Editor’s Note: Hayley Fick was appointed as The Daily Texan’s first digital director, a new position created to guide The Daily Texan in reaching beyond the range of its news boxes and creating an interactive, supplemental and share-worthy experience for readers online through our website and various social media outlets. Fick is a sophomore public relations major and has previously held the positions of senior web staff and associate web editor.
In digital media there are more questions than answers. There are no maps or compasses and very few precedents. I have to rely heavily on my own judgment and often times write the rule book as I go.
It’s very much like the feeling I get when I’m driving in the middle of the night. When the city streets are desolate and the steady stream of traffic I’m used to floating along in disappears, paranoia creeps up on me. No matter how familiar I am with the road or how well I am following the posted signs, with no cars to trail behind I get this anxious feeling in the pit of my stomach that I’m in the wrong lane or I turned the wrong direction.
As digital director this uncertainty is hardly irrational. At any given time there are nearly 20,000 cops (read: Twitter followers) watching my every move and tricky intersections that seem nothing like the ones I learned about in driver’s ed. Luckily I’ve had plenty of kind streetlights in my life to guide me along the way.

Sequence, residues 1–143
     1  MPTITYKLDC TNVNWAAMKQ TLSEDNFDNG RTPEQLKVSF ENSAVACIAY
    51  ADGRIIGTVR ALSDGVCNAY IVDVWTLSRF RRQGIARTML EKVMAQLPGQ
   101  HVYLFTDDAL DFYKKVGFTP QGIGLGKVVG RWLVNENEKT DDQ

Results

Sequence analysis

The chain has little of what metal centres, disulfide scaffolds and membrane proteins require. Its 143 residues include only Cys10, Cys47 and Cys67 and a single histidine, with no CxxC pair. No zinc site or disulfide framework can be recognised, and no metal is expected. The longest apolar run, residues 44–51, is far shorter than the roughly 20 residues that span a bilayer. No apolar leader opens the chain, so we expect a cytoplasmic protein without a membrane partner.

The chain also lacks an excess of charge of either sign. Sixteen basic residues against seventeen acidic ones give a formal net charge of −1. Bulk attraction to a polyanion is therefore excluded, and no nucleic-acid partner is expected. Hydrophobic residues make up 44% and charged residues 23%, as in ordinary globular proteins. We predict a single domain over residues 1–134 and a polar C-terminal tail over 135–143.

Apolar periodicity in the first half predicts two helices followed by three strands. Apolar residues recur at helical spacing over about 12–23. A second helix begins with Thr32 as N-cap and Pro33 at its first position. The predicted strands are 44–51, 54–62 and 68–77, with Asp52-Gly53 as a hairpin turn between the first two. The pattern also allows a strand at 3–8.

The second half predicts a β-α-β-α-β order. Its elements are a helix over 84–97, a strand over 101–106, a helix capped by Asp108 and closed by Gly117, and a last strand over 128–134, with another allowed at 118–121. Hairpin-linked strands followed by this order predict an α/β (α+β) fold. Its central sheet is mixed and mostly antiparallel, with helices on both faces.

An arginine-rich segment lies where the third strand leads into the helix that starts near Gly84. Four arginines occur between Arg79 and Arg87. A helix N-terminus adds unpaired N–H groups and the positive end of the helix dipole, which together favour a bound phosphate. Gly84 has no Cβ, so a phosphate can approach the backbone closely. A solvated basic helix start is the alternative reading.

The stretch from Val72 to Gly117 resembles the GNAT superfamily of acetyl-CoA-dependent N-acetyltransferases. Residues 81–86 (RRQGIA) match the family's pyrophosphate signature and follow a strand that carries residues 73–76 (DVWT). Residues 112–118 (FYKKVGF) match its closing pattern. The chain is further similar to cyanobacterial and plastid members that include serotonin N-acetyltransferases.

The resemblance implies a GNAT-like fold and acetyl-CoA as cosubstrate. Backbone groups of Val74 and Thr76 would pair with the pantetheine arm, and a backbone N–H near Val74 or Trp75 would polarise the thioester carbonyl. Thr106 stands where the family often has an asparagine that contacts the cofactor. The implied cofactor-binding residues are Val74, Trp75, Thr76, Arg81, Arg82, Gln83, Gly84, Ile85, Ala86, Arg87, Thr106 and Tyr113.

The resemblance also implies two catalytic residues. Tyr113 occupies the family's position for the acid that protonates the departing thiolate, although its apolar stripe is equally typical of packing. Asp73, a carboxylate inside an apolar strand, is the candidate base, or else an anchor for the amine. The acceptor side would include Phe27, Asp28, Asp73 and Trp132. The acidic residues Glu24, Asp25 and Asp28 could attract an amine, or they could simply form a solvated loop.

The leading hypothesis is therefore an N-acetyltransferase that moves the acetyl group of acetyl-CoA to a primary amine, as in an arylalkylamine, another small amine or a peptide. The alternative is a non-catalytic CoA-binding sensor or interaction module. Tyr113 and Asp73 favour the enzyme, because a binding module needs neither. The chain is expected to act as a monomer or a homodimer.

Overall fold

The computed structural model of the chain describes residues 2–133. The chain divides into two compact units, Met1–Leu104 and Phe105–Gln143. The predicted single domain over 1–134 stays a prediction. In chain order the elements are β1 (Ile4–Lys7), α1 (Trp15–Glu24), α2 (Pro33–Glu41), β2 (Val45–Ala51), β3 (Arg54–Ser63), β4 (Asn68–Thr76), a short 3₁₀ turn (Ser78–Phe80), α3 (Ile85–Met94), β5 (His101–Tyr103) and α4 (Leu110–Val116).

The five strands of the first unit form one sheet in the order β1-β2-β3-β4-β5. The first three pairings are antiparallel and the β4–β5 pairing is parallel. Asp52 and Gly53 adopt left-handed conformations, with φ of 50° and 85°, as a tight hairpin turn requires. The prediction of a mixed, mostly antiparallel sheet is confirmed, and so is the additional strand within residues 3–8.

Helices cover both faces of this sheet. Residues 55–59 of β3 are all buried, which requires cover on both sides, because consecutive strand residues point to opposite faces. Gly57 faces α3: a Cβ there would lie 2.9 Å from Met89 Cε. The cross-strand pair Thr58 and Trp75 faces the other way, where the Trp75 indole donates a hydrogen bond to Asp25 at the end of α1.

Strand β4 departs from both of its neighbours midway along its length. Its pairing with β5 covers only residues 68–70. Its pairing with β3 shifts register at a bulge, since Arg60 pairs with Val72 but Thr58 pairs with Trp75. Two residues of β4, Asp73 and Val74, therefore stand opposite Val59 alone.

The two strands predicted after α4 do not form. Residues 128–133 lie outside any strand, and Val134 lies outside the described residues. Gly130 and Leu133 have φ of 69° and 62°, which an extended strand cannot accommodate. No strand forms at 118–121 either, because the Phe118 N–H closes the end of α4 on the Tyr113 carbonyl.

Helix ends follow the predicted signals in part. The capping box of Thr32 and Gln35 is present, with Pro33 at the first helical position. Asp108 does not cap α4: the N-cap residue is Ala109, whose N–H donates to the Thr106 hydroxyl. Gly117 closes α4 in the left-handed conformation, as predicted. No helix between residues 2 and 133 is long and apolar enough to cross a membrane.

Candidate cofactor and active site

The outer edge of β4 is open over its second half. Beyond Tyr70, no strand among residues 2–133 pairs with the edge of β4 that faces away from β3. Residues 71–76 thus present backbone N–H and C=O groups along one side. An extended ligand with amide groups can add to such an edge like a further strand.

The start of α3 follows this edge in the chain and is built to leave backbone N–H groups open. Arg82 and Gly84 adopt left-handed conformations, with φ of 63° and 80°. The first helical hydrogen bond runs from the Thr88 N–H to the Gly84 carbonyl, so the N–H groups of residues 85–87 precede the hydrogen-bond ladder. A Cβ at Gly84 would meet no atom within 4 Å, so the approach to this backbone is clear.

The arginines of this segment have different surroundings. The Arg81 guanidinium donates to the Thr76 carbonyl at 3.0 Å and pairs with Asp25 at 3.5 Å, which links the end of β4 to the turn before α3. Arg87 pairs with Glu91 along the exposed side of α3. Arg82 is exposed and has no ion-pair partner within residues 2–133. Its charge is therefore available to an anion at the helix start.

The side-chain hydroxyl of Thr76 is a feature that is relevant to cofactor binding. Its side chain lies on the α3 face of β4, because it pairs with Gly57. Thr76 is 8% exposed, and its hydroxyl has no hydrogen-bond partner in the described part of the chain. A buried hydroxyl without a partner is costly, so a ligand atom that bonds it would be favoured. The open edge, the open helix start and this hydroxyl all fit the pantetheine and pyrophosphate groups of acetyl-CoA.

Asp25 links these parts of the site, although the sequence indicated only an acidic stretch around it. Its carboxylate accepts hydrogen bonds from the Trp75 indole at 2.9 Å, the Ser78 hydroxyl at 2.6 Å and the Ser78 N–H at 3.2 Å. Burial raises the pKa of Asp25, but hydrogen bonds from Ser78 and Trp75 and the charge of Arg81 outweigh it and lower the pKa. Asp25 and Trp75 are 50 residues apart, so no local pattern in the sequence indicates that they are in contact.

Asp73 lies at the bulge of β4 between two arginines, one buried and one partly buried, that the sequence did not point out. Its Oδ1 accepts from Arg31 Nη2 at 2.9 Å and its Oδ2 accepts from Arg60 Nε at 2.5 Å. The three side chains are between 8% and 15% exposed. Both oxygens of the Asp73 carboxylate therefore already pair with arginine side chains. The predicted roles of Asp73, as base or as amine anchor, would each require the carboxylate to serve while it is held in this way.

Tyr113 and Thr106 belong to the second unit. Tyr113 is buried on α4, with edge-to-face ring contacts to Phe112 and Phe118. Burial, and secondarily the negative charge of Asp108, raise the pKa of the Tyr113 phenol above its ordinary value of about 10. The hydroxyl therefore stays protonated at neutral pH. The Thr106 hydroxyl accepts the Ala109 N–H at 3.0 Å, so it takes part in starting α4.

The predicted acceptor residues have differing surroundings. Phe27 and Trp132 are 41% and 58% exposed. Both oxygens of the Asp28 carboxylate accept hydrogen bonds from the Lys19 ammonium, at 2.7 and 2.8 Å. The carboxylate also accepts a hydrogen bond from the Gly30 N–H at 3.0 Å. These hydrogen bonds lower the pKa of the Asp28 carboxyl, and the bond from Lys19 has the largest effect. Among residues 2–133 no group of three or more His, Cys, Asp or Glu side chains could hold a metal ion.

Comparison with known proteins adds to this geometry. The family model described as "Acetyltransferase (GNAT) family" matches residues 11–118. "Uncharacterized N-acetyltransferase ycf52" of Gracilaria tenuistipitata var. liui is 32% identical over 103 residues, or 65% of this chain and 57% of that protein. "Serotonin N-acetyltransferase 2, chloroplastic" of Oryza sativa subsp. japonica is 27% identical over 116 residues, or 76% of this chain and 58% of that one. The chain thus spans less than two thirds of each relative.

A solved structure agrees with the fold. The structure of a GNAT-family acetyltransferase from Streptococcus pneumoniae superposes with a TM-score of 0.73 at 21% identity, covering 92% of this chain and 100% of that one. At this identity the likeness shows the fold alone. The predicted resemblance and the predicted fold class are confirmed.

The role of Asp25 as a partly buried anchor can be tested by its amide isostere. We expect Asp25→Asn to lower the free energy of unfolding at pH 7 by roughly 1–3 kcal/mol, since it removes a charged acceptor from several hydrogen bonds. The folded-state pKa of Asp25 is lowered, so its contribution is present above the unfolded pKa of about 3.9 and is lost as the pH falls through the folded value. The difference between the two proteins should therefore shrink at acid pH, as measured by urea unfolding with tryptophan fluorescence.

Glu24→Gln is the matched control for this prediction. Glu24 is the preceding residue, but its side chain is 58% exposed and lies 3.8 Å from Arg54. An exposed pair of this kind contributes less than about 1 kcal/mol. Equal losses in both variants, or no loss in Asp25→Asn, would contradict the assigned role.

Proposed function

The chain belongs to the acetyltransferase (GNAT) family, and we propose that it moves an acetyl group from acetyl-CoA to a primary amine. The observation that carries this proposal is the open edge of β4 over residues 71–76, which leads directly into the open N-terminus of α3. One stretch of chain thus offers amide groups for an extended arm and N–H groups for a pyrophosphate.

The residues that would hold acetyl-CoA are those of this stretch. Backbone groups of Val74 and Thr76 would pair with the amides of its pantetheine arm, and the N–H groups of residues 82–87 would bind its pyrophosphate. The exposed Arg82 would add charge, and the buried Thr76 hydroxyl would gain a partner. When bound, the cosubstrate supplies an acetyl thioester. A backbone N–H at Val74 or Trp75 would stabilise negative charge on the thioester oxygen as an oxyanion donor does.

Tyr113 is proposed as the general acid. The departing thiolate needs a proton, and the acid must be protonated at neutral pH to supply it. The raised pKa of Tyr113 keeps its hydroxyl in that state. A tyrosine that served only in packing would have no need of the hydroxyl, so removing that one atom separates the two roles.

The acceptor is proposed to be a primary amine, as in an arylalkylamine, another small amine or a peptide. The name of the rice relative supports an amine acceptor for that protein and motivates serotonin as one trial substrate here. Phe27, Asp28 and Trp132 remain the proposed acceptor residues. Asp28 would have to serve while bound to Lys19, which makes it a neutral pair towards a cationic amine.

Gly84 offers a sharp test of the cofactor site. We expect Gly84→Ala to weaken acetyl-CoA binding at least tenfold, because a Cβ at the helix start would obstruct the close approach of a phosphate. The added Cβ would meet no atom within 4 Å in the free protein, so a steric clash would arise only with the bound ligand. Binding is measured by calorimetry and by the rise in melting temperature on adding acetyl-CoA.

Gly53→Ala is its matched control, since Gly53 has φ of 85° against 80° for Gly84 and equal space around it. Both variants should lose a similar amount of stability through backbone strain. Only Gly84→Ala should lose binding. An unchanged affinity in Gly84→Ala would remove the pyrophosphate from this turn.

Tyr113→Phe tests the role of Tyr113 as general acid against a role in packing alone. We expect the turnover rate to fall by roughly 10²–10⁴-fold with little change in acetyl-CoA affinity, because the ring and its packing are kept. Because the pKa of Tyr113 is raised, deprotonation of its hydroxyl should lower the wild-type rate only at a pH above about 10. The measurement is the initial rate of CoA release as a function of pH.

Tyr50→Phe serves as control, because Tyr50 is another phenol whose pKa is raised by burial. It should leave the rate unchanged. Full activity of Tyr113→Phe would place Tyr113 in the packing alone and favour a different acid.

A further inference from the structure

There is also a certain freedom to the open road. The roadblocks of funding and convention that exist in print are removed from the digital highway.
This semester, the web department has gotten a few tickets for excessive speed (read: retweets), failure to yield right of way (read: not knowing when to stop live tweeting) and broken tail lights (read: minor malfunctions with our new website.) We should probably have a sign on our car that says “Student Driver,” but even though we’re still learning we will never use that as an excuse.
Since 1900, The Daily Texan has never used the age of its staff as an excuse for being anything less than excellent, and this philosophy extends beyond the rich history of the printed pages. Hold us to the same standards you would hold any other driver to and feel free to honk at us when we cut you off.
It has been such a privilege to test out the wheels on our new website that has been redesigned in a responsive format to allow readers to get their news seamlessly on a variety of devices. I can’t wait to get back on the road next semester when I return as digital director, but everyday I’m logging the quirks our car has because I know my position is more than just a product of the times. I may be the first, but I surely will not be the last digital director of The Daily Texan.
Thank you for being patient with us. I hope you buckle up and come along for the ride.